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The number of workers filing for unemployment insurance can be a good indicator of the health of the state’s economy and labor market. A consistent rise in unemployment claims over several months suggests the economy is worsening, while falling claims suggest the economy is improving.

Two factors make unemployment claims a useful indicator of the state’s economic health. First, unlike other measures of the economy (such as gross domestic product or personal income), information on the number of unemployment claims is very timely. Claims data is published weekly, typically about two weeks after the claims were filed. In comparison, many other economic indicators are published with a delay of several months or longer.

A second reason unemployment claims are a useful indicator is that they appear to, in many cases, foreshadow future change in other economic variables. For example, unemployment claims tend to begin trending upward several months before a recession begins. The figure below shows monthly unemployment claims in the six months leading up to the last six recessions. In each case, unemployment claims started to trend upward before the recession started. Despite this consistent pattern, unemployment claims are an imperfect predictor of recessions. Although all recent recessions were preceded by an uptick in claims, several short-term upticks in claims have not been followed by a recession. If claims are rising, it does not necessarily mean a recession is around the corner. However, if unemployment claims are steady or falling, this is a good sign that a recession is unlikely in the near term.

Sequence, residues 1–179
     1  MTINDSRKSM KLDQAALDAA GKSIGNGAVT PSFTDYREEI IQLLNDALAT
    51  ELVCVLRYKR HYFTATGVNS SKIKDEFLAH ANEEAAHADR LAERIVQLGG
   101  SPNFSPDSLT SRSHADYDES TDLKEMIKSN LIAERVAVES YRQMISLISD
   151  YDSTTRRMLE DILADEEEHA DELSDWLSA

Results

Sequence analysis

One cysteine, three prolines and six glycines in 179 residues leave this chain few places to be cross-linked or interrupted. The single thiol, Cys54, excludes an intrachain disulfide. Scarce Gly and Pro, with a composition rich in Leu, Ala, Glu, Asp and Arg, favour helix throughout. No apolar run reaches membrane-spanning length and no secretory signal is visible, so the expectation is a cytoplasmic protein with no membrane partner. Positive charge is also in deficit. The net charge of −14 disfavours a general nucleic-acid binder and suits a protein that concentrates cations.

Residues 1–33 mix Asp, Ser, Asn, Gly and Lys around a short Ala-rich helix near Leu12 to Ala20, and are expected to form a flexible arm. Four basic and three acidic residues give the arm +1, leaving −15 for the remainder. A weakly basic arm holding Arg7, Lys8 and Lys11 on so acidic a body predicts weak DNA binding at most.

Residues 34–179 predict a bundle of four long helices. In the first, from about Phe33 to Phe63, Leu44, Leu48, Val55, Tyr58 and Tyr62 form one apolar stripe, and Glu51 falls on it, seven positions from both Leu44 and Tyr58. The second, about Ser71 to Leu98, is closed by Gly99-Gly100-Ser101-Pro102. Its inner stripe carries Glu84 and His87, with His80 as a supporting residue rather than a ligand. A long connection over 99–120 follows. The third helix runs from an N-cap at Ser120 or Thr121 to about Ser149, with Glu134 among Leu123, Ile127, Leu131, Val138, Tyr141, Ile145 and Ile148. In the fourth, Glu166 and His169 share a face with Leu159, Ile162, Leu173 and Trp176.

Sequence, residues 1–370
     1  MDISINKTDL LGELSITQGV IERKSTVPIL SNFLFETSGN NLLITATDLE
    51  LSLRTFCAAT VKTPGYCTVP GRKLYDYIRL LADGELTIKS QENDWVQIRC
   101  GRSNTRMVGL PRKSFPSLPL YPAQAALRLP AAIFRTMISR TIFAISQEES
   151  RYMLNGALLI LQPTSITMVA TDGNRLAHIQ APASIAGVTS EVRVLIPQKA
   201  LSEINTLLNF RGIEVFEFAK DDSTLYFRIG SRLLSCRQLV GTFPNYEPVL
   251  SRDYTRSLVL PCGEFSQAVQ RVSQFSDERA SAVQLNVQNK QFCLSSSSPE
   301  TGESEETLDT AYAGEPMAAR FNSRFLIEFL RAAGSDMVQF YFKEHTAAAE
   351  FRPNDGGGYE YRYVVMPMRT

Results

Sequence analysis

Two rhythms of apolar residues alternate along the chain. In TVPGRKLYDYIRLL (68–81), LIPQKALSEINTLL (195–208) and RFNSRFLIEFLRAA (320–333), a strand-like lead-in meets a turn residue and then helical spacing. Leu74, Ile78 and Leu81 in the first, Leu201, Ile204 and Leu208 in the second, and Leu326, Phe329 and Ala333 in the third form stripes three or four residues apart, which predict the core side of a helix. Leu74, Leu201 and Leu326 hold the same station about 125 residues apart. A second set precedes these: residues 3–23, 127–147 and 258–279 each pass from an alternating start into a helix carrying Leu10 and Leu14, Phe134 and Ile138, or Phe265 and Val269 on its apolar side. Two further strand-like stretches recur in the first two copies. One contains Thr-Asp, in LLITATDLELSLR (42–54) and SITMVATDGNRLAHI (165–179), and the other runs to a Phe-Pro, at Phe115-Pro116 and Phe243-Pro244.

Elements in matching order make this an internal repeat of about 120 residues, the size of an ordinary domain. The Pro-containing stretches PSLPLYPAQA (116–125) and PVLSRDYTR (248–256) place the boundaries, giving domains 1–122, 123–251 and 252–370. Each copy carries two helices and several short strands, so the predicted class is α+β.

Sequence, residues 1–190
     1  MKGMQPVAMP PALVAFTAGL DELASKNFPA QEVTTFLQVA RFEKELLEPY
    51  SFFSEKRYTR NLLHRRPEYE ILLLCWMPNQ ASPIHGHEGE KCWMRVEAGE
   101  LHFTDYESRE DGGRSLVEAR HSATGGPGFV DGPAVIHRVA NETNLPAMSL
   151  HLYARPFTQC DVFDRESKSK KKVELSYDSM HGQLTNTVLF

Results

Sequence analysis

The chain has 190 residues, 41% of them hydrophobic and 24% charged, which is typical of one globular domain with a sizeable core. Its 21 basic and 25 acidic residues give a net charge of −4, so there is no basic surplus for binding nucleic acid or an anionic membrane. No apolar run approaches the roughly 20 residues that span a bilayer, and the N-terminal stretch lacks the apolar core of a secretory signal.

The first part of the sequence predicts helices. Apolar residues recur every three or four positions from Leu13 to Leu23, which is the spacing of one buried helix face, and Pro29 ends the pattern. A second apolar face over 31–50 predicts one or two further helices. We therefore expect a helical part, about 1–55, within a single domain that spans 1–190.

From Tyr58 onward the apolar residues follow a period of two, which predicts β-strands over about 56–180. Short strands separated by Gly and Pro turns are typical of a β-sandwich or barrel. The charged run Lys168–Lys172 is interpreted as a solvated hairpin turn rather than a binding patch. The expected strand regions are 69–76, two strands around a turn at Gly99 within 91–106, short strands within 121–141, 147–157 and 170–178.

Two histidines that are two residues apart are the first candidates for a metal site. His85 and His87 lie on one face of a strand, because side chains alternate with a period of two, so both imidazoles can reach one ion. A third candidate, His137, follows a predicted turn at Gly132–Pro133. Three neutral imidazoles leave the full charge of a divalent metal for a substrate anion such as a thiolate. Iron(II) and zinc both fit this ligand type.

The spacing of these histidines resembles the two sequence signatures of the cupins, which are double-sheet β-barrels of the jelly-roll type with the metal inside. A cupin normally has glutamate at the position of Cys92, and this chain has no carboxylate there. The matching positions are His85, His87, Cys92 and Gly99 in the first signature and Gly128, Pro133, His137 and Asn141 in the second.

Unemployment Claims Rise Before Recessions

Unemployment claims also appear to be a decent indicator of whether incomes will rise or fall in the future. The graph below pairs the annual change in quarterly unemployment claims with growth in quarterly personal income six months later. The data covers the time period 1972 to 2017. As the graph shows, an increase in claims (moving to the right on the chart) tends to be followed by slower income growth six months later (moving down on the chart). Conversely, a reduction in claims is linked with higher income growth. Personal income is the tax base for the state’s largest source of tax revenue: the personal income tax.

Income Growth is Lower After Upticks in Unemployment Claims


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